In your recent interview with The Mac Show Live, regarding the anniversary
of the IBM PC, you stated that "every computer is a Macintosh".
What is Apple's role in the anniversary of the PC? This was about one
product. I certainly wasn't seeing the anniversary of the PC as the anniversaries
of revolutionary home computing. I just don't understand how you see every
PC as a Macintosh. The modern Intel based personal calmer represents a
lot of innovation completely separate from Apple's work (And some derivative,
yes). The Macintosh contributed to the revolution, but that statement
is ridiculous. Macs are a far cry from perfect, and not the ideal for
many people, computer designers included.
As a whole the interview was very inspiring, and I'm glad to have heard
Actually, the comment about every PC being a Macintosh was very accurate.
I'm not sure where you were, but the PC - Macintosh differences until
1991-1993 were like night and day. The PC was command line based and the
Macintosh had a GUI, with windows, menus, buttons, mouses, etc. PC users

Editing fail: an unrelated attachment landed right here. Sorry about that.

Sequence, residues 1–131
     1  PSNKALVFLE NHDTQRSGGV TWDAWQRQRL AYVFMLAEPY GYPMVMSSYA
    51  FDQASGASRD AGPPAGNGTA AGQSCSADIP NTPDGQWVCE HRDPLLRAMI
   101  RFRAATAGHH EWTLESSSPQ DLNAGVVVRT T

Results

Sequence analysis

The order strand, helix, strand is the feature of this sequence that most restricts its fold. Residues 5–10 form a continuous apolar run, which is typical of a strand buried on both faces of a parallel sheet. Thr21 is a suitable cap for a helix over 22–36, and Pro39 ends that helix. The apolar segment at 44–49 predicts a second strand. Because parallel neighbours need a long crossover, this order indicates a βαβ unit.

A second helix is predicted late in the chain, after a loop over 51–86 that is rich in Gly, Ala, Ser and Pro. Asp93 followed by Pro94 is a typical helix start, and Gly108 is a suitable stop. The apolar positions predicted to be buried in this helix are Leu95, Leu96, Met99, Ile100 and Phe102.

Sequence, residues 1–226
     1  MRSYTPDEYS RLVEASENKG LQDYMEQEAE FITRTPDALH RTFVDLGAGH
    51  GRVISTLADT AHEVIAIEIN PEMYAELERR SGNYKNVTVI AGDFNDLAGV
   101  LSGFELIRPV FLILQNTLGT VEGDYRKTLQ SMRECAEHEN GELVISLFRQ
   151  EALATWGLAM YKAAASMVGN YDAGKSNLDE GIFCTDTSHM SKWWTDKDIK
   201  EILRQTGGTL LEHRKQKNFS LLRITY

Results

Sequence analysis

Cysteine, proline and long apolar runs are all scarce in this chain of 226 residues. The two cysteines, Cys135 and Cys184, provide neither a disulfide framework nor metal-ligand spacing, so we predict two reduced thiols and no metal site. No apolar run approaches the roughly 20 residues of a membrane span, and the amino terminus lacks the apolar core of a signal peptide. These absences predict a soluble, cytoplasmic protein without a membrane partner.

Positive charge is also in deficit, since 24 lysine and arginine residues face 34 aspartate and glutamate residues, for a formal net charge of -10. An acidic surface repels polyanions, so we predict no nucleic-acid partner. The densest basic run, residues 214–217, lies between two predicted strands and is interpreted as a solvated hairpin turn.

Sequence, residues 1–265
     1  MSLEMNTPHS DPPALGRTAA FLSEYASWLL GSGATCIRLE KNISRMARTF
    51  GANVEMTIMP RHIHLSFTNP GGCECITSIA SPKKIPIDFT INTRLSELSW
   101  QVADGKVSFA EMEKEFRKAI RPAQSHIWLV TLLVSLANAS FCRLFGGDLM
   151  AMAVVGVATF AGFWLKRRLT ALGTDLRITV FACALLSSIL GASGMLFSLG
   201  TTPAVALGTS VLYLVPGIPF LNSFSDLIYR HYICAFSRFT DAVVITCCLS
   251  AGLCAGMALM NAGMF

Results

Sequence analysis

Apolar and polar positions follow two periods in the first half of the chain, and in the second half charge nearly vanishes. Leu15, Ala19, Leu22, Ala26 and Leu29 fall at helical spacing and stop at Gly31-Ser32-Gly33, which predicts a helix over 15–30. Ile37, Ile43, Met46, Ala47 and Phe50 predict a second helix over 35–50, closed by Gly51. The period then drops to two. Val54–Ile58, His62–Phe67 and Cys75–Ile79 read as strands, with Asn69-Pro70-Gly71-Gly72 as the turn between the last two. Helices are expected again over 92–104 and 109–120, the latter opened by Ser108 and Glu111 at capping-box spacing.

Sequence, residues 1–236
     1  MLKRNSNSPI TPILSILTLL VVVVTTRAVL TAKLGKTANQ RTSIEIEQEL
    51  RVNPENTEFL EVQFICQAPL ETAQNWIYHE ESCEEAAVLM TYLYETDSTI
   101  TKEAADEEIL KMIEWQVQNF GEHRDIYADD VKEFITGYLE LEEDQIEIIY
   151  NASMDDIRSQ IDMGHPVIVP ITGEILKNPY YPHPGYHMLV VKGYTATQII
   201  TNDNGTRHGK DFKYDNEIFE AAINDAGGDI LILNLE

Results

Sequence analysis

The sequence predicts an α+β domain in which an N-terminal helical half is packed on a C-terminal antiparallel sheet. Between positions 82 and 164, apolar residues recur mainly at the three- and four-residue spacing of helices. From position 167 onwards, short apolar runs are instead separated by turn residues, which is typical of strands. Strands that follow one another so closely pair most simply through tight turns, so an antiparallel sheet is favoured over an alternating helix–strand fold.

decried the GUI as a toy, not a serious computing platform. The PC had
greater market share, but didn't stay on this separate platform path.
The transition to a GUI, and eventually to one close to a Macintosh, was
a far greater step than refinements since. Some of these are just simple
alternatives, which can't be over-valued due to increasing the complexity
of having less consistency in how things are done. Others of these are
more akin to rearranging the furniture. The great change was in becoming
a modern GUI machine. In that sense, virtually every machine is a 'Macintosh'
I do agree with your comments about Macintosh being far from perfect.
They are even further than they once were from it. Also, PC's did indeed
innovate, and sometimes in very good ways. So did the Macintosh. So would
any machine have. I'm not claiming otherwise in this regard.
My name is Pete Maddux-I'm a special ed social studies teacher at a
Lincoln, Nebraska H.S. I have a question about CD-Roms that I try to buy
for my classes. I am frustrated because many of my classes have students
with a very wide-range of abilities. I am finding that CD-Roms are either
made for the general education classroom or are at a very low level. Do
you know of anybody that produces CD-Roms in which the teacher can either
use the text provided or override the text and write in information tailored
to the specific needs of their students?
I never thought about this and I don't know if it exists.
If not, it's a good idea for the future.
If teachers could get involved in this way (and writing their own test
questions too) then computers in the classroom would be closer to what
we intended 20 years ago. By providing a tool for the teacher to provide